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I'm taking a Data Analysis class where we go over some data samples. Today we went over the world population data from 1950 to 2015.

We noticed that the proportion of females to males was the highest in Eastern European countries. Our professor couldn't explain why. The statistics below:

Table of statistics showing year and gender ratio by country

What could be the reason for this? My guess is a combination of many men having died in WWII and emigration possibly.

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    My SWAG prior to research would be that it has to do with emmigration.
    – T.E.D.
    Jun 16 at 18:00
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    For 1950, WW2 has impact on Eastern Europe, but note that Niger and Barbados are on that list also. Emigration for jobs from poorer countries is predominantly young males. For 2010, perhaps mostly job-seekers emigrating.
    – Jon Custer
    Jun 16 at 18:36
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    For 1950, the top 6 were all part of the Soviet Union, then. Likewise, for 2015 the top 7 were all part of the former Soviet Union. These were all greatly affected by Stalinist purges & losses during WW2. As a long shot, there may be an element of the use of liquidators during the Chernobyl crisis in 1986.
    – Fred
    Jun 16 at 18:47
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    Some of those countries also have huge disparities of life expectancies at birth for men and women. For example (2019): Russia, male = 68.24 years, female = 78.17 years. Ukraine, male = 66.92 years female = 77 years Jun 16 at 18:58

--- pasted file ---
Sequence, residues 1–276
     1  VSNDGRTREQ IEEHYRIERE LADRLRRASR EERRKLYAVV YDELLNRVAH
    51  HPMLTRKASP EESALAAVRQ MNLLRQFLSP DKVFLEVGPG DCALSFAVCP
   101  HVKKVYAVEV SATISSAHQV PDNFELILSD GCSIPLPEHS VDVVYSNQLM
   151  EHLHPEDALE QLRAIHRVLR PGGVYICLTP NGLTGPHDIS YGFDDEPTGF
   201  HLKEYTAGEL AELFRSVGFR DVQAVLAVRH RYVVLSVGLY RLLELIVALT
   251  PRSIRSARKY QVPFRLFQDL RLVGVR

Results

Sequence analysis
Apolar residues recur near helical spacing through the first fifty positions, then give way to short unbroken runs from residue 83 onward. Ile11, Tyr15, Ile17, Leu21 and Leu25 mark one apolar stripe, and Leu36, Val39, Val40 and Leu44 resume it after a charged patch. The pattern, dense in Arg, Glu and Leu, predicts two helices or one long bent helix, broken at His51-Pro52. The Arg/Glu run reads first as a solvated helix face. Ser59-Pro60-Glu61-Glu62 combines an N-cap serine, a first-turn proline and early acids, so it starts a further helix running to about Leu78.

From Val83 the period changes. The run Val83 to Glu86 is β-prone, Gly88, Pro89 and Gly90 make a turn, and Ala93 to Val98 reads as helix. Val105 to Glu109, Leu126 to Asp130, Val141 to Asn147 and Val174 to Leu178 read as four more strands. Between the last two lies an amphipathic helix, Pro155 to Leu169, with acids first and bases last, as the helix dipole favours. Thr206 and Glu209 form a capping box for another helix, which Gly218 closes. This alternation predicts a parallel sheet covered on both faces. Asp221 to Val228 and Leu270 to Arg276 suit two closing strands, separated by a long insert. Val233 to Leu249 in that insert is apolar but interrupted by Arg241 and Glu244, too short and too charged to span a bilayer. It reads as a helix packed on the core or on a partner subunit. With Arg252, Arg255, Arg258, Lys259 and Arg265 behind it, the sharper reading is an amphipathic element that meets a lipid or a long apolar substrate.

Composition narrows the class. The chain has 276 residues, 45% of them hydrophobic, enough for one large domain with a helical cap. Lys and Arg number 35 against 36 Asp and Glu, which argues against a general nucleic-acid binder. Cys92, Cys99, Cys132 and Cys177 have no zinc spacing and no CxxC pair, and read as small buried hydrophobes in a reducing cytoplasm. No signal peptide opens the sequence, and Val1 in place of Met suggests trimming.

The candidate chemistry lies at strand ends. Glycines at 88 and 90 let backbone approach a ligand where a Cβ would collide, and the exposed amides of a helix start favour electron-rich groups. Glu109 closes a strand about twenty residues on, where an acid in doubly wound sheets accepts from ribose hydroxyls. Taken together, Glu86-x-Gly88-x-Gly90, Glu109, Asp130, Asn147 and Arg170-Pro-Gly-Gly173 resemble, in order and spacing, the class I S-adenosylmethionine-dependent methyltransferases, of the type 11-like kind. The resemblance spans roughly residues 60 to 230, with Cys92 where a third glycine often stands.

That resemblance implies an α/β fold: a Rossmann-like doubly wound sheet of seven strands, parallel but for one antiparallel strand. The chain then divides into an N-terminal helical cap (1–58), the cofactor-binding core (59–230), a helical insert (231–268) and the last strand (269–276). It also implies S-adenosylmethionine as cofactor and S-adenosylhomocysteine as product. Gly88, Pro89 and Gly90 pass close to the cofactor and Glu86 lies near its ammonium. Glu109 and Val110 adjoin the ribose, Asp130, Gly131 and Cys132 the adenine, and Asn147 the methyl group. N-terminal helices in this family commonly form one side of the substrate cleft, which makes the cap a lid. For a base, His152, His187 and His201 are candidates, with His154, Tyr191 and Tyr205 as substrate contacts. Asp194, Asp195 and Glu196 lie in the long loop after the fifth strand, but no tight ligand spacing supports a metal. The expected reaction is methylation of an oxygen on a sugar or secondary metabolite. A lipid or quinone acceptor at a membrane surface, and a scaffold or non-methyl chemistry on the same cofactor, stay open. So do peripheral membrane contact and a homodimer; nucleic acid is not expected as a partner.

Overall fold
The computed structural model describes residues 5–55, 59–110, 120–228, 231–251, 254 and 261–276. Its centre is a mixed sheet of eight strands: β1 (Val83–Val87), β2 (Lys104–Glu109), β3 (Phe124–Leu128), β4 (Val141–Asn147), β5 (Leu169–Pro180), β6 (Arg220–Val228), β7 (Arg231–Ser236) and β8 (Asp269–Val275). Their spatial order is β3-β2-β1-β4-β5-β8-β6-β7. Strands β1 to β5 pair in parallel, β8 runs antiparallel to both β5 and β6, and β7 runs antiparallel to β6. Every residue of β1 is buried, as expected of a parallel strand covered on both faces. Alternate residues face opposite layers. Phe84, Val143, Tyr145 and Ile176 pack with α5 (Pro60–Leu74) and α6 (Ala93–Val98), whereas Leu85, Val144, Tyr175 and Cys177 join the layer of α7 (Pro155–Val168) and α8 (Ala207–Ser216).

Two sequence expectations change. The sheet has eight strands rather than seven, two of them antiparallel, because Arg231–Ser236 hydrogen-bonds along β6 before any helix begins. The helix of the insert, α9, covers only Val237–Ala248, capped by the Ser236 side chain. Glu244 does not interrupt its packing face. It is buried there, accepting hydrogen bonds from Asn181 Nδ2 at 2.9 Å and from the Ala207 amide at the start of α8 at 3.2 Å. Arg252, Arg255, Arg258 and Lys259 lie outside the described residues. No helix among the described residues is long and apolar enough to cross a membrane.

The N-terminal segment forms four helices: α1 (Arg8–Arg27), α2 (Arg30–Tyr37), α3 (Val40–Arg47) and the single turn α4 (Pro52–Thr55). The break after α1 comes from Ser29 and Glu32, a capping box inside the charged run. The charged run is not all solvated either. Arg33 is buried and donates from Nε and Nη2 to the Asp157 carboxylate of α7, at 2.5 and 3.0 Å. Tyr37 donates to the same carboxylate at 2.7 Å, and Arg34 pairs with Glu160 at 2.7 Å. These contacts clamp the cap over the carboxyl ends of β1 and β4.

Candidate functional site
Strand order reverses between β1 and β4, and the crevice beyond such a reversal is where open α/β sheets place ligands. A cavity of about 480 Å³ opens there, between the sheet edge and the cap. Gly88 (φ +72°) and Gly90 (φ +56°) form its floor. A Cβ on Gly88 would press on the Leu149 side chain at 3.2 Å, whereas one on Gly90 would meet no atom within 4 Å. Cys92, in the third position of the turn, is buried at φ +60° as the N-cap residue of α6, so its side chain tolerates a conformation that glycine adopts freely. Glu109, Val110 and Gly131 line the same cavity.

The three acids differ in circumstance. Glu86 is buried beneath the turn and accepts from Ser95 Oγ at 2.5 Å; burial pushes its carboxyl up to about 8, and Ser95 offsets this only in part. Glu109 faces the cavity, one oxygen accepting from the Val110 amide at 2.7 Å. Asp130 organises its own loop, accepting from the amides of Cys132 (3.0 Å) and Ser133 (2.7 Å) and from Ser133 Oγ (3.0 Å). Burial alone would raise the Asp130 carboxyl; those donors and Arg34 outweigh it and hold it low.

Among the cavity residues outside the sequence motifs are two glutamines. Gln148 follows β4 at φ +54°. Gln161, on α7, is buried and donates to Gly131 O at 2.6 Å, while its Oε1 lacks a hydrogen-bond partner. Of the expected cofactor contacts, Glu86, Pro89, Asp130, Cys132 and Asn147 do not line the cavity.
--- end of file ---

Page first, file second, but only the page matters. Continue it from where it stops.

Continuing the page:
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    As noted by Carlos, many of those countries have the largest male/female differences in life expectancy. This is in large part due to very heavy drinking by the males. In addition to the well-known health problems that can cause, alcohol is also a carcinogen. Bottom line: Vodka.
    – C Monsour
    Jun 16 at 21:43
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War, an aging population, and alcohol. From an article from Pew Research:

This region has been predominantly female since at least World War II, when many Soviet men died in battle or left the country to fight. In 1950, there were just 76.6 men per 100 women in the territory that is now Russia. That number rose steadily in subsequent decades, climbing to 88.4 by 1995 before declining again.

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The population in Russia and the former USSR as a whole is older than that of the world. Most of these nations, including the most populous, also have low fertility rates compared with the global average. This skews the population’s gender ratio because older people are more likely to be female, while more younger people are male.

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Alcoholism has long been a problem in the former USSR, especially for young men. A 2014 study in The Lancet medical journal found evidence that excess vodka use is a top killer in Russia, responsible for a disproportionate amount of deaths among Russian men.

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